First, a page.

STXM can be used not only for oxygen species but also to observe iron elements within the cells. Colo 205 cells treated with ∼100 nm sized iron oxide nanoparticles (Sigma Aldrich) in LGS are observed at 702 eV and 710 eV (Fig. 5a and b). Fig. 5c shows the iron L-edge spectra (702–717 eV) of iron oxide with the strong absorption edge at 710 eV but negligible absorption at 702 eV. Iron oxide nanoparticles are seen selectively and clearly at 710 eV both inside and outside the cell in high resolution (Fig. 5b), but not at 702 eV (Fig. 5a). This result offers not only a high resolution image but also quantitative information on iron oxide nanoparticles penetrating a single wet cell. Because iron oxide nanoparticles have been widely used for various experimental applications including diagnostics and drug delivery with suitable surface modifications, it is important to observe the cellular uptake of iron oxide nanoparticles. In addition, the responses of a single wet cell to various biological or chemical samples, especially the changes of the oxygen electronic state, can be monitored using this system. Furthermore, since STXM analyzes a broad range of photon energies in high resolution, this system can be applied to diverse nanomaterials and biological samples in intact conditions for spatial analysis of changes in chemical composition arising from various biochemical responses.

image file: c7nr05223e-f5.tif
Fig. 5 (a, b) STXM images of iron oxide embedded LGS at 702 eV and 710 eV. (c) Absorbance of iron oxide is strong at around 710 eV (reddish area), but insignificant at around 702 eV (bluish area). The images selectively show that iron oxide depends on photon energy. Iron oxides inside and outside the cell are not visible at 702 eV, while they are clearly visible at 710 eV (brown color). Scale bars, 5 μm.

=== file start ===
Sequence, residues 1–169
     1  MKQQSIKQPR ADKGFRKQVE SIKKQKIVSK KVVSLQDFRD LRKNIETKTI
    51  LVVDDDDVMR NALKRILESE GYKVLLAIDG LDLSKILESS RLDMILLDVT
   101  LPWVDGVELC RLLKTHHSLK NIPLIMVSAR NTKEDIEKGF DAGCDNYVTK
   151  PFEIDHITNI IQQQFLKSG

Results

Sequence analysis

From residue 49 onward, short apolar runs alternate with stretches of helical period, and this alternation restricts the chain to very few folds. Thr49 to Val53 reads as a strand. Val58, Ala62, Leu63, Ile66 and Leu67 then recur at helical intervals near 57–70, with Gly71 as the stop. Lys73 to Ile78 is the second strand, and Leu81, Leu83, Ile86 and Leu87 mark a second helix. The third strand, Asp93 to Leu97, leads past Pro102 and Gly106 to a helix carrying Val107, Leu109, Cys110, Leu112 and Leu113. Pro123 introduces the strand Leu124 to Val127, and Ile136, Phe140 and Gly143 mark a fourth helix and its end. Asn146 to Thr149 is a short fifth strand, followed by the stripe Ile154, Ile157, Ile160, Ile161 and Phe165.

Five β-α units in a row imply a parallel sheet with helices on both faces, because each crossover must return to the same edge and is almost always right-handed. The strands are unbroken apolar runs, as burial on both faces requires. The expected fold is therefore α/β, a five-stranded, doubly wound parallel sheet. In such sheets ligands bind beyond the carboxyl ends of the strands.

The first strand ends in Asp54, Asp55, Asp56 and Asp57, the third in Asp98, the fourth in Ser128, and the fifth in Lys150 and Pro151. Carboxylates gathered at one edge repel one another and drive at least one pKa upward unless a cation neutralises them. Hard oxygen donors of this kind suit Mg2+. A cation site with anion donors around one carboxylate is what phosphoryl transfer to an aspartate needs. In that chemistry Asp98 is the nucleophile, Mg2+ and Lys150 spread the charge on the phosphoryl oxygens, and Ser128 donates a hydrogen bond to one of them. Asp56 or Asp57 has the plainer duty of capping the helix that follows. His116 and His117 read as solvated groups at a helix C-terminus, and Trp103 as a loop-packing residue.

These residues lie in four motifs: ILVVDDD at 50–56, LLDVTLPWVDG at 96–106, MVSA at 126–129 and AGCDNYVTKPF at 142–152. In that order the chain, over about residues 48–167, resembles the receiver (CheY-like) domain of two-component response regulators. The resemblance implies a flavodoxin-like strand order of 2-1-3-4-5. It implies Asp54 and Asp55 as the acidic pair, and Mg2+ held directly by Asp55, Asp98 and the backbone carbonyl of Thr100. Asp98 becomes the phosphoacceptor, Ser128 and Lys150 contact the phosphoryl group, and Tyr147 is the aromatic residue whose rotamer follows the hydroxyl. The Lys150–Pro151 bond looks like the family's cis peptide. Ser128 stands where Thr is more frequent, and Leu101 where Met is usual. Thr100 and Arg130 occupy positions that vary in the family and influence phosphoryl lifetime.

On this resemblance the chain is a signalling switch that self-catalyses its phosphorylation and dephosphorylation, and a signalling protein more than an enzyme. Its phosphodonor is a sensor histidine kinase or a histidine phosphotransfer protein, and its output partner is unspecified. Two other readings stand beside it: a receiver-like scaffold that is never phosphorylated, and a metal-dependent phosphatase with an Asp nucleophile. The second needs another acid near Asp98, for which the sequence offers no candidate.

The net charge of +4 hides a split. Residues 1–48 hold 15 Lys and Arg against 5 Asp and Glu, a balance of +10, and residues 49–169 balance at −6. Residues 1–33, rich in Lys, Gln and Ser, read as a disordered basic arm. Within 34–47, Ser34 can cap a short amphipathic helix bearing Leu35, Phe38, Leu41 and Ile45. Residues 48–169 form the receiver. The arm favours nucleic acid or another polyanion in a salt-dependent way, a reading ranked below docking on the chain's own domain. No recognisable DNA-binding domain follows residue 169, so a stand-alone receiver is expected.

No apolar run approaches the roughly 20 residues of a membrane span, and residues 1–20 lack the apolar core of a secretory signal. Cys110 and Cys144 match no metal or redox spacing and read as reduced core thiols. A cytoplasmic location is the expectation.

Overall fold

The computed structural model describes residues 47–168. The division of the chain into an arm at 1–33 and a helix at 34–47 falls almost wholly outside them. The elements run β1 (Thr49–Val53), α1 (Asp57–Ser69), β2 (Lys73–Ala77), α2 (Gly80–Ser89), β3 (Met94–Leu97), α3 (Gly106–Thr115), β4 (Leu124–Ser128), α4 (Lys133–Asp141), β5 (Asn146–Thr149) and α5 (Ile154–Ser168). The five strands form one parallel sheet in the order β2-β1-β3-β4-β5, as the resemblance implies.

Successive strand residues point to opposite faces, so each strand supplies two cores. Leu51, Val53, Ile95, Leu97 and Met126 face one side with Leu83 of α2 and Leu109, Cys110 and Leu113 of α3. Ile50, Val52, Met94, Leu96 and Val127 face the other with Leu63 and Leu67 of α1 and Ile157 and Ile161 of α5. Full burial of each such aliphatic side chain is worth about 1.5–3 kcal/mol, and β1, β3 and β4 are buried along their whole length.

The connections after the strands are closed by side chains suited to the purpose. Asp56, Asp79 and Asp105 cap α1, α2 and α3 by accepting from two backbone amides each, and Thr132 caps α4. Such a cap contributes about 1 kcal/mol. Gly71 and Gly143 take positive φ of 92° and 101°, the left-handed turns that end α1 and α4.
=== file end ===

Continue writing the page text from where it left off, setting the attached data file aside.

4 Conclusions

STXM combined with LGS clearly visualizes important biochemical responses of a live single cell under biocompatible wet conditions. Without preprocessing of cells, the variation of the oxygen K-edge spectra from a single cancer cell in wet conditions under graphene layers was successfully monitored without signal interference by oxygen species in a small amount of water. By covering a graphene layer on the droplet of medium containing cells, we were able to confine the cells in LGS without liquid evaporation. In particular, owing to the minimal amount of water in LGS we were able to observe iron oxide nanoparticles within a single wet cell by tuning the photon energy resonantly, while the previous STXM using silicon nitride membranes showed some limitations due to the interference of strong oxygen signals from water. Because iron oxide nanoparticles can be modified with various biological agents including antibodies, this system can be applied to monitor various biochemical responses. In addition, this novel in situ X-ray microscopy imaging method capable of observing wet systems can be utilized to study real time changes in functional groups in diverse material systems such as catalytic reactions, polymeric reactions, and nanomaterial processing under wet conditions.

Conflicts of interest

There are no conflicts to declare.


We would like to thank the Pohang Accelerator Laboratory. This research was supported by the National Research Foundation, Korea (National Honor Scientist Program, 2010-0020414; Bio & Medical Technology Development Program, 2012 M3A9C6049791; NRF-2014R1A1A2054592; NRF-2015R1A5A1009962) and KISTI (KSC-2016-C3-0074).


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Electronic supplementary information (ESI) available. See DOI: 10.1039/c7nr05223e
These authors contributed equally to this work.